All Time Past Year Past 30 Days
Abstract Views 0 0 0
Full Text Views 61 19 1
PDF Downloads 43 19 0

A Long-Lived Mesoscale Convective Complex. Part I: The Mountain–Generated Component

William R. CottonDepartment of Atmospheric Science, Colorado State University, Fort Collins, CO 80523

Search for other papers by William R. Cotton in
Current site
Google Scholar
PubMed
Close
,
Raymond L. GeorgeDepartment of Atmospheric Science, Colorado State University, Fort Collins, CO 80523

Search for other papers by Raymond L. George in
Current site
Google Scholar
PubMed
Close
,
Peter J. WetzelDepartment of Atmospheric Science, Colorado State University, Fort Collins, CO 80523

Search for other papers by Peter J. Wetzel in
Current site
Google Scholar
PubMed
Close
, and
Ray L. McAnellyDepartment of Atmospheric Science, Colorado State University, Fort Collins, CO 80523

Search for other papers by Ray L. McAnelly in
Current site
Google Scholar
PubMed
Close
Restricted access

Abstract

Using data collected during Colorado State University's South Park Area Cumulus Experiment in 1977, a sequence of multi-scale convective events leading to the formation of a mesoscale convective complex is described. In the first phase, surface-based cool advection in the elevated mountain basin delayed the full transition of the morning boundary layer into a deep mixed layer until well after convective instability was reached over the adjacent ridges. The second phase was earmarked by the formation of convective precipitation echoes at “hot spots” over the high mountain terrain. Two groups of cells then propagated. eastward across the mountain basin, forming a line of discrete cells which moved across the foothills toward the High Plains. The cells further intensified at the. foothills/High Plains interface and formed a still larger, north-south line of thunderstorms. In the third phase, this north–south line of thunderstorms evolved into an expanding meso-β-scale convective cluster as it continued its eastward propagation over eastern Colorado. The convective intensity of the line was apparently modulated by moisture availability over the plains, with the southern cells being most intense initially. As the northern end of the line encountered greater low-level moisture in western Kansas, the convection rapidly intensified to severe levels and produced in excess of 50 mm of precipitation over a large area. In Part II of this article it is shown that this meso-β-scale system participated in the formation of a meso-&α-scale convective complex.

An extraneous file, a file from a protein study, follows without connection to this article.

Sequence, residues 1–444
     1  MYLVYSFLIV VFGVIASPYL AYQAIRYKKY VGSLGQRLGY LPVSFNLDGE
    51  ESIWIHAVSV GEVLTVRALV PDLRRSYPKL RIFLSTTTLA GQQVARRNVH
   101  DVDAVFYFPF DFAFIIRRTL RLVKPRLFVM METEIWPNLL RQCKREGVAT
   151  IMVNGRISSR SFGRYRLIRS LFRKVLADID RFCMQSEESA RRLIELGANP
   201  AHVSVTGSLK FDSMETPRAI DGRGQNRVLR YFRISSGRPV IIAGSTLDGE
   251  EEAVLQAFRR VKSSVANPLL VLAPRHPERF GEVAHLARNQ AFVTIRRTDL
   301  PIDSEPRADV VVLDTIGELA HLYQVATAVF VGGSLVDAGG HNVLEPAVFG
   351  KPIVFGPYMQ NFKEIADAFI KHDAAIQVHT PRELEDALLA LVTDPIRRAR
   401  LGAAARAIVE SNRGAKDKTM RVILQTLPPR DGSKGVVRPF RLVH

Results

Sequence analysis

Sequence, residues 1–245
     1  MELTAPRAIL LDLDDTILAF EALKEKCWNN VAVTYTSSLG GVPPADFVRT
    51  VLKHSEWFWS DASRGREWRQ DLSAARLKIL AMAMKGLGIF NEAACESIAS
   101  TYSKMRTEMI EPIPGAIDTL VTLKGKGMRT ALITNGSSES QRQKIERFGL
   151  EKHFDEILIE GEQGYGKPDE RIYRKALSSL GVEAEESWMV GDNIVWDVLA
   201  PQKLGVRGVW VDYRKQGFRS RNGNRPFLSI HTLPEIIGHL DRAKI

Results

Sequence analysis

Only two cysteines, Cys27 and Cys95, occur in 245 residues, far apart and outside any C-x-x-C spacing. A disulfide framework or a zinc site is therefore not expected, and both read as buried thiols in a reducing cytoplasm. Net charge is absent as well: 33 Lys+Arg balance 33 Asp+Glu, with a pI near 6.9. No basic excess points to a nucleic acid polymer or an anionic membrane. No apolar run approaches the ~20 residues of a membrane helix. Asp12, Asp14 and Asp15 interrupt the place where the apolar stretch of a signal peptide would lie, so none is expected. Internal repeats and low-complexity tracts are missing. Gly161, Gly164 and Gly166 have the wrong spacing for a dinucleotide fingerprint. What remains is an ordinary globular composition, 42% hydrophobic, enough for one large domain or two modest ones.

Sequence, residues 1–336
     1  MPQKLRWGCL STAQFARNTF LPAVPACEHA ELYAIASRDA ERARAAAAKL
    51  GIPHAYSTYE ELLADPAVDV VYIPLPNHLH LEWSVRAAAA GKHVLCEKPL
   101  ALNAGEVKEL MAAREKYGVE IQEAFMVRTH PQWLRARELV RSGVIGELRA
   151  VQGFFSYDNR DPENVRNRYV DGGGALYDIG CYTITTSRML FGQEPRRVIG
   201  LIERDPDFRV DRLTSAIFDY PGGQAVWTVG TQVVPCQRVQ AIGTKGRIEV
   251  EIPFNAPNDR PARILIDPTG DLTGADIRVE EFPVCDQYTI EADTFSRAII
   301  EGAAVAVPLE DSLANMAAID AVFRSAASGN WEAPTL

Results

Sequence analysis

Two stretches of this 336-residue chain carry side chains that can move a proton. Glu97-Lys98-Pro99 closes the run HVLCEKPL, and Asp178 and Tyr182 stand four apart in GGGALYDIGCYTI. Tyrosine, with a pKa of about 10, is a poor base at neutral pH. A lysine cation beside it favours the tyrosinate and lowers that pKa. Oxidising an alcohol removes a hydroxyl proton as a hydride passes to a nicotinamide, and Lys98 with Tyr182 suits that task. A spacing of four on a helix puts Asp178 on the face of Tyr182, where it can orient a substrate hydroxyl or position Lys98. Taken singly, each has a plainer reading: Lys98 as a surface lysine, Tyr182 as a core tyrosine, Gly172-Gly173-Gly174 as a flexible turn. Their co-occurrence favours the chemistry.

Abstract

Using data collected during Colorado State University's South Park Area Cumulus Experiment in 1977, a sequence of multi-scale convective events leading to the formation of a mesoscale convective complex is described. In the first phase, surface-based cool advection in the elevated mountain basin delayed the full transition of the morning boundary layer into a deep mixed layer until well after convective instability was reached over the adjacent ridges. The second phase was earmarked by the formation of convective precipitation echoes at “hot spots” over the high mountain terrain. Two groups of cells then propagated. eastward across the mountain basin, forming a line of discrete cells which moved across the foothills toward the High Plains. The cells further intensified at the. foothills/High Plains interface and formed a still larger, north-south line of thunderstorms. In the third phase, this north–south line of thunderstorms evolved into an expanding meso-β-scale convective cluster as it continued its eastward propagation over eastern Colorado. The convective intensity of the line was apparently modulated by moisture availability over the plains, with the southern cells being most intense initially. As the northern end of the line encountered greater low-level moisture in western Kansas, the convection rapidly intensified to severe levels and produced in excess of 50 mm of precipitation over a large area. In Part II of this article it is shown that this meso-β-scale system participated in the formation of a meso-&α-scale convective complex.

Save